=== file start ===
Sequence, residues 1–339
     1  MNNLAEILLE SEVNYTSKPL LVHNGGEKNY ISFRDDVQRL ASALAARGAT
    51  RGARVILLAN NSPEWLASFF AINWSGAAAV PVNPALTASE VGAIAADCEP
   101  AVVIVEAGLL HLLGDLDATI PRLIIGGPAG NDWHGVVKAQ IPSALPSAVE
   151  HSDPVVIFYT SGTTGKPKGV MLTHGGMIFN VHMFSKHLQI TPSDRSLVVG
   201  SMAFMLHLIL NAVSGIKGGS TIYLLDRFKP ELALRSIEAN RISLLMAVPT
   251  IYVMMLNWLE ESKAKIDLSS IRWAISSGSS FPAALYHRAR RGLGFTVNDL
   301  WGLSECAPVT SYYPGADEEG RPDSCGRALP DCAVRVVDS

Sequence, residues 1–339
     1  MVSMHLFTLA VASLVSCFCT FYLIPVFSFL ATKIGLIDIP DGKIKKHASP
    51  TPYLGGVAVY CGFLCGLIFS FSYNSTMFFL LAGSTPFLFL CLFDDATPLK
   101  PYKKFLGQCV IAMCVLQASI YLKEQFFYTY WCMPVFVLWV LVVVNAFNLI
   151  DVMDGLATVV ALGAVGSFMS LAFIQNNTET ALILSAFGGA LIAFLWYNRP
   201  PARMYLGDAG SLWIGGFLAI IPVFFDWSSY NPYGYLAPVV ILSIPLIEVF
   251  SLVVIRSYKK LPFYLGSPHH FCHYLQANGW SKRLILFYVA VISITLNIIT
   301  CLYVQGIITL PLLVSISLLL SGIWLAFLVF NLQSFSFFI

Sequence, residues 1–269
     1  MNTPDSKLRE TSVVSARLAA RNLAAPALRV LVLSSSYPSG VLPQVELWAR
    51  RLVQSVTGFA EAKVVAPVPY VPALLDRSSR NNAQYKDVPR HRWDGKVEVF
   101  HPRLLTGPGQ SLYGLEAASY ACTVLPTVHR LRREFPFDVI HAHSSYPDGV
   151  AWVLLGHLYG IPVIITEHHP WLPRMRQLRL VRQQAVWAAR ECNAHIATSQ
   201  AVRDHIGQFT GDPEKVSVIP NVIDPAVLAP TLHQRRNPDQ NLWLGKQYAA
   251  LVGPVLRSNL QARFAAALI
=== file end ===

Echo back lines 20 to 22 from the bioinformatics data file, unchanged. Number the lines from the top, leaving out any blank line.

   101  HPRLLTGPGQ SLYGLEAASY ACTVLPTVHR LRREFPFDVI HAHSSYPDGV
   151  AWVLLGHLYG IPVIITEHHP WLPRMRQLRL VRQQAVWAAR ECNAHIATSQ
   201  AVRDHIGQFT GDPEKVSVIP NVIDPAVLAP TLHQRRNPDQ NLWLGKQYAA